Rosemary is a delicious herb that adds a woodsy kick to any dish. But in addition to taking your cuisine to the next level, it’s also got a number of incredible health benefits that may do everything from boosting your cognitive function to stopping signs of inflammation in their tracks. What’s not to love?
What is rosemary?
Rosemary is a plant that’s closely related to other herbs like oregano, thyme, and basil. It’s rich in antioxidants that fight free radicals that attack and damage cells to accelerate the aging process.
It’s also been linked to several aspects of overall brain health, including improving memory and concentration, bettering brain cell protection, and preventing signs of neurological aging. Early studies show evidence that it may even help ward off signs of Alzheimer’s, though more research needs to be conducted.
On top of that, the herb contains a powerful compound called carnosic acid, which scientists have found can slow the growth of cancer cells and even stop tumor formation in the first place.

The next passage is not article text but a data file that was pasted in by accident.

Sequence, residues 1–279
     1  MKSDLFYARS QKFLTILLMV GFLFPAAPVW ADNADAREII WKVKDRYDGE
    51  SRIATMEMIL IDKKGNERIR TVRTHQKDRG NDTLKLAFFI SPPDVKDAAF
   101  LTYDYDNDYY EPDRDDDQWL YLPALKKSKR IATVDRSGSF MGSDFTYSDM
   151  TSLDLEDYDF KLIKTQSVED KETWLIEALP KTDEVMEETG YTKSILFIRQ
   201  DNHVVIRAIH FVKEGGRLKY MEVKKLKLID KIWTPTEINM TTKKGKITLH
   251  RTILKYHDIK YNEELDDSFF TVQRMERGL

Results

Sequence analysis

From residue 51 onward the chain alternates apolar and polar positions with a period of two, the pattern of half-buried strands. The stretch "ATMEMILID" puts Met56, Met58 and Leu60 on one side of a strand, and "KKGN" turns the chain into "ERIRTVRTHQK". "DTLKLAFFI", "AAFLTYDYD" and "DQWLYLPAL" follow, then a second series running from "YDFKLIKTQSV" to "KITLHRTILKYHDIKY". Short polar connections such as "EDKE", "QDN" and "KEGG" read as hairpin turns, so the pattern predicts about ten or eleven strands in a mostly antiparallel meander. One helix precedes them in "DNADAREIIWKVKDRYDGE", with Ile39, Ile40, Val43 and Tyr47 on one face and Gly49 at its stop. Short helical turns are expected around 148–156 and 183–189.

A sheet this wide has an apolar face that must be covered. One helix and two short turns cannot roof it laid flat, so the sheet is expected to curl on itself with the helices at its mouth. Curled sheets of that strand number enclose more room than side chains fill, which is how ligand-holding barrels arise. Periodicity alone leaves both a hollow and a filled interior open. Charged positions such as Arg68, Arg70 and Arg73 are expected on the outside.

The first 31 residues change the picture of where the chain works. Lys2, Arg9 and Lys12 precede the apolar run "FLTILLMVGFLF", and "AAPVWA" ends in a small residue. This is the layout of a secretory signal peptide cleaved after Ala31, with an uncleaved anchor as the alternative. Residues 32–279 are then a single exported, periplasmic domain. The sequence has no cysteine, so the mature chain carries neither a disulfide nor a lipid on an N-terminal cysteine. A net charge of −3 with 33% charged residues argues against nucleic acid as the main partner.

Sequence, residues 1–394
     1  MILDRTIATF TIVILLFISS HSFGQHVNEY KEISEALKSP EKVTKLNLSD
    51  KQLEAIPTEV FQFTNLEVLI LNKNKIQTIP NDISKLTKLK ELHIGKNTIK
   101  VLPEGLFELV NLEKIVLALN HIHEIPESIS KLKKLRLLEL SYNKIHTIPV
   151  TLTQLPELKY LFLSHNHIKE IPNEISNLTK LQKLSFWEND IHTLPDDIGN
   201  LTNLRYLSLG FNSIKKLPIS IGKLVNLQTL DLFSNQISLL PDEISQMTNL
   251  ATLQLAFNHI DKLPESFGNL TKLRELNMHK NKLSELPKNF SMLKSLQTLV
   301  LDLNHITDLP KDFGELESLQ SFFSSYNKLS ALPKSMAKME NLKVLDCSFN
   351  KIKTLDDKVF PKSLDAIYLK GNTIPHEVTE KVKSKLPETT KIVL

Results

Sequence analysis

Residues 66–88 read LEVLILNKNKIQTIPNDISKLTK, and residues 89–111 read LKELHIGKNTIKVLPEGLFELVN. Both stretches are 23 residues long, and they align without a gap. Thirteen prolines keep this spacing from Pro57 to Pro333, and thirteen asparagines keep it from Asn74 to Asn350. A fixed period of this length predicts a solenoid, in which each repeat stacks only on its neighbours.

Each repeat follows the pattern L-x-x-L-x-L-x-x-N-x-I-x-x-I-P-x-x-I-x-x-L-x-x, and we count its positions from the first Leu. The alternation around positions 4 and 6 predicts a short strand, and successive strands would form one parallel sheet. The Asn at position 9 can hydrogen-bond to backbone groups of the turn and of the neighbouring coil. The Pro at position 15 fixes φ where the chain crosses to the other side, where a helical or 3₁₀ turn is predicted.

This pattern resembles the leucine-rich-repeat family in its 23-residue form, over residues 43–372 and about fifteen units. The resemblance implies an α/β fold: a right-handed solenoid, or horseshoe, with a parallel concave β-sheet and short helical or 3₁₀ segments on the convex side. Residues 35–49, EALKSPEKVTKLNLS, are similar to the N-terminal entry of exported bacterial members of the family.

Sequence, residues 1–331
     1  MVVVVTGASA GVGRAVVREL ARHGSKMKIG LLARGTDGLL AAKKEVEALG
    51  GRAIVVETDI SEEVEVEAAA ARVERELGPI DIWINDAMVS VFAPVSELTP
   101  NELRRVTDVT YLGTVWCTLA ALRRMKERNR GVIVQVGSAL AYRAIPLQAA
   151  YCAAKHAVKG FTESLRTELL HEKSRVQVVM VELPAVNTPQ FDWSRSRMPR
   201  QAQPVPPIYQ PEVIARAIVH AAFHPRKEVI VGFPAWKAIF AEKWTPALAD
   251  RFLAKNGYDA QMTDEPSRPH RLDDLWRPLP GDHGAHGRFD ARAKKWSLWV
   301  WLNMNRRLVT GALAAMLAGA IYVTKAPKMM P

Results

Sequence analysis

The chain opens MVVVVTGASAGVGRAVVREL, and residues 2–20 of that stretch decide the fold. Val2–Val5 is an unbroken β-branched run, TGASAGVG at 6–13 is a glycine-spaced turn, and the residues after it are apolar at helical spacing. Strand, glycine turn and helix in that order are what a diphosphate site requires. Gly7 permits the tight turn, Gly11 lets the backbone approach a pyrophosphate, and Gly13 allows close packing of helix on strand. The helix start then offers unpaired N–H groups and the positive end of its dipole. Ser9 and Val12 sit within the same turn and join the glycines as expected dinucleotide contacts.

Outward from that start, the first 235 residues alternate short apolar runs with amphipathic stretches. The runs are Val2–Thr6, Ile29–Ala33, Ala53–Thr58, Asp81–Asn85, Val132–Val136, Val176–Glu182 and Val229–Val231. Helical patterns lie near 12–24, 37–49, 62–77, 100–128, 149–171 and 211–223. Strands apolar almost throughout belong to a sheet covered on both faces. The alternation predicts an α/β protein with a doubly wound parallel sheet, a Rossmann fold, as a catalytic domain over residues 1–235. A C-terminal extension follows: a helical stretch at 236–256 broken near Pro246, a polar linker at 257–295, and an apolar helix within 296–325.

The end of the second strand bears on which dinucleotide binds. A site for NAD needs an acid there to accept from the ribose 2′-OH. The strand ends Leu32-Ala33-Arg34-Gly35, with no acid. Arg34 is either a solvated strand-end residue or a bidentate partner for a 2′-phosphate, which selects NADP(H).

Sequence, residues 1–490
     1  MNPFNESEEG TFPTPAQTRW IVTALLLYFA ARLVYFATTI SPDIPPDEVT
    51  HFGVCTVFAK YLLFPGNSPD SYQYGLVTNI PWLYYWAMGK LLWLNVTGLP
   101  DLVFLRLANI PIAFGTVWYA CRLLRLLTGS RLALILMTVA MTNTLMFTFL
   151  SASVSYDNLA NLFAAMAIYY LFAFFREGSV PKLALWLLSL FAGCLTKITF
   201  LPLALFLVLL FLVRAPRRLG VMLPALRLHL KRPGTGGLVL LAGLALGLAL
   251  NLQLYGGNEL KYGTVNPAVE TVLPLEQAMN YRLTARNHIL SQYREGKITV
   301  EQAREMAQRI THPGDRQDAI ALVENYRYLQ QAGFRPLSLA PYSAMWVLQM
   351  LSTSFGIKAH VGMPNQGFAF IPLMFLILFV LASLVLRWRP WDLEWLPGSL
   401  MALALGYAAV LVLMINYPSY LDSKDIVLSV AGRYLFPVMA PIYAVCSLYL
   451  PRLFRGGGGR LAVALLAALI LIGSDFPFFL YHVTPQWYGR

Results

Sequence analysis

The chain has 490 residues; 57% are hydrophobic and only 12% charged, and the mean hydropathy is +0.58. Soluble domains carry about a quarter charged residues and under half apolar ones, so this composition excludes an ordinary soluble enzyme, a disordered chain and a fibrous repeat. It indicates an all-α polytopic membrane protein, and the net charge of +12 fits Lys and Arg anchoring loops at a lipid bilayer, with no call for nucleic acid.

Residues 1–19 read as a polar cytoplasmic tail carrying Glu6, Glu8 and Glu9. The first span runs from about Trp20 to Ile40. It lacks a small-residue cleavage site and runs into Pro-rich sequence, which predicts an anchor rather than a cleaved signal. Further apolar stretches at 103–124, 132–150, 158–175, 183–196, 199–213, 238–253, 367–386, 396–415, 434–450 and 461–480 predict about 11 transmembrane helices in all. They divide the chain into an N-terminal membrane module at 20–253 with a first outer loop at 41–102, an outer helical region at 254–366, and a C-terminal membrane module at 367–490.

Are there any side effects to eating it?
Most people sprinkle rosemary on or in their food or have concentrated amounts in aromatherapy products or teas (more on that below!), so there are typically no symptoms for those who eat it or use it in smaller amounts. If you have gigantic quantities of it, however, you may experience vomiting and spasms.
Rosemary is also known to promote menstrual flow, so women who are pregnant or want to become pregnant should avoid consuming large amounts.
What are the different forms you can take?
On top of buying fresh or dried rosemary at the grocery store (or growing your own!) to put on meat, in breads, soups, and more, you can find rosemary essential oils (Buy on Amazon, $7.99) to inhale or put on the skin (along with a carrier oil). Rosemary tea is also a popular way to consume it (Buy on Amazon, $8.73).
And if you want a little DIY project, you can even make your own rosemary soap to try out! It’ll smell incredible.
This article originally appeared on our sister site, Woman’s World.
We write about products we think our readers will like. If you buy them, we get a small share of the revenue from the supplier.